Going into my first pole dancing lesson, I had no idea what to expect. I couldn’t gauge how difficult it would be, what the lesson might involve, or how good I might be at it. With a sport as highly stigmatized as pole dancing, I’m sure I wasn’t alone in that mindset. With all these questions swirling, I felt that all I could do was go in with an open mind and no expectations, take it on the fly and see how it goes.
All told, I was pleasantly surprised by the experience. I found that the learning curve was not as steep as I had expected it to be. The environment felt relaxing and welcoming, which massively detracted from the daunting sensation of trying a new sport for the first time. Combine that with experienced and patient coaches, the lesson made for a great experience.
When I first came to uni, I can’t honestly say that I ever planned on taking a pole dancing lesson, but if you’re looking to get out of your comfort zone and learn a new skill, I’d definitely recommend trying your hand at Pole and Aerial.
As a man on the larger side, I've never looked at the grace and control of pole fitness and thought "Yeah, I can do that, I should give it a go." How I ever ended up at a pole taster I'm still not entirely sure, but I can say that it is somehow both harder than I could have imagined yet far more achievable than I thought it might be. That sounds contradictory, but it's true - in just an hour I found myself on the edge of being able to invert myself and managing a few tricks, but hurting like mad. It took my core about a week to recover, but like any exercise that is something that would improve with practice and repetition.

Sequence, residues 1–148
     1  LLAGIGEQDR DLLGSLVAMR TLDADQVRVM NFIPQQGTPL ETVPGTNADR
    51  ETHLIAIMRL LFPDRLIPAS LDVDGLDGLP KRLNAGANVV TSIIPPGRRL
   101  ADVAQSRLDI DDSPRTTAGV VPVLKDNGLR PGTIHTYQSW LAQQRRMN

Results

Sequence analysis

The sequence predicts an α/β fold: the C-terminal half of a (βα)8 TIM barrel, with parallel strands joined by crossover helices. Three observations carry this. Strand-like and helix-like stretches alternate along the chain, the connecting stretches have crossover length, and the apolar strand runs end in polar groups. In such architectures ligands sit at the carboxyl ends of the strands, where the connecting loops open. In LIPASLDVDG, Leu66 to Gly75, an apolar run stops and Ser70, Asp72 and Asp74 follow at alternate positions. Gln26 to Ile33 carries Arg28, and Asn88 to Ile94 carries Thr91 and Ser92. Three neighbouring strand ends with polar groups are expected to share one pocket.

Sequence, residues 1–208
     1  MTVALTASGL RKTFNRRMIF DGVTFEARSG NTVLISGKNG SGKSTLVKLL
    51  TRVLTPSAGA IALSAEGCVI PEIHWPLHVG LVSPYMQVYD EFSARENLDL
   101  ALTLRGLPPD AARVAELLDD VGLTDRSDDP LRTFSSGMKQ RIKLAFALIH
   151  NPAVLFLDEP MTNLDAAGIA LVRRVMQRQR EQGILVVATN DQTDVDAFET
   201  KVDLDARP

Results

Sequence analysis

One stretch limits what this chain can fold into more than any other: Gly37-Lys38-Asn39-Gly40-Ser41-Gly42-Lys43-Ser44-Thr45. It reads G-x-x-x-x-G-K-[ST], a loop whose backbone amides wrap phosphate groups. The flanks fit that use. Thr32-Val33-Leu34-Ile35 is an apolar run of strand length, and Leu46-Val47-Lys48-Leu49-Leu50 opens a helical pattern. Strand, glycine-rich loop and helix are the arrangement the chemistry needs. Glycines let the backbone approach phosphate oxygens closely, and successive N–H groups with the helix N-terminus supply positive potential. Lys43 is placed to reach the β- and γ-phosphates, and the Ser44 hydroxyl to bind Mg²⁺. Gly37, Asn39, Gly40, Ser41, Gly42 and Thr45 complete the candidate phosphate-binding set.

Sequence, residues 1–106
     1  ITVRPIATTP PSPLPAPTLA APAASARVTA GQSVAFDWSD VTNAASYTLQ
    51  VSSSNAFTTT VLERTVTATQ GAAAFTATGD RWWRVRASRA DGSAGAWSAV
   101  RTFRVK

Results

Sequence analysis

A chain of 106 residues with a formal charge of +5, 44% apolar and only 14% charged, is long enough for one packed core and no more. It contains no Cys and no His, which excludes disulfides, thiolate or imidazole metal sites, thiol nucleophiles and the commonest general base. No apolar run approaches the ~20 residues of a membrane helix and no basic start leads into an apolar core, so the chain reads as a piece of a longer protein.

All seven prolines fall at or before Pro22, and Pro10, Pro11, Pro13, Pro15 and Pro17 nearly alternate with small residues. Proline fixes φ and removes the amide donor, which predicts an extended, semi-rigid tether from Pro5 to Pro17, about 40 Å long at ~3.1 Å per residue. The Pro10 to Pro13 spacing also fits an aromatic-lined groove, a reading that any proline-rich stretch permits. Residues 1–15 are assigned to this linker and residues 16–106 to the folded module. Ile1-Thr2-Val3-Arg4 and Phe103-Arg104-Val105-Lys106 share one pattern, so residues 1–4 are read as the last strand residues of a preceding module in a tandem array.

Pole is a sport that has many misconceptions – some of which I have to admit that I bought into before I tried it for myself. After just one session, I can safely say I am in awe of the strength, discipline, and fearlessness that it takes to do pole. The talent shown by the more experienced members of the club when demonstrating moves and positions that quite literally seem to defy all rationality of the capability of the human body was amazing to watch. I was unbelievably nervous leading up to the session – despite being an ex-dancer and gymnast, the thought of trusting a wobbling pole and a few crash mats to save me from limping home was a daunting one, especially as a plus-sized person.
However, on completing the taster session I’m so pleased to conclude that pole is an empowering sport that pushes you to trust in your body to support you and to believe in yourself. The instructors made me feel so comfortable and safe the whole time I was there, encouraging me to try things that I would never have dreamed I could do. Overall I couldn’t recommend giving pole a try enough, regardless of your shape, size, or experience. And, even with the aching muscles for a few days after the session, I’m looking forward to my next pole experience, feeling confident and excited to see just how much I can do.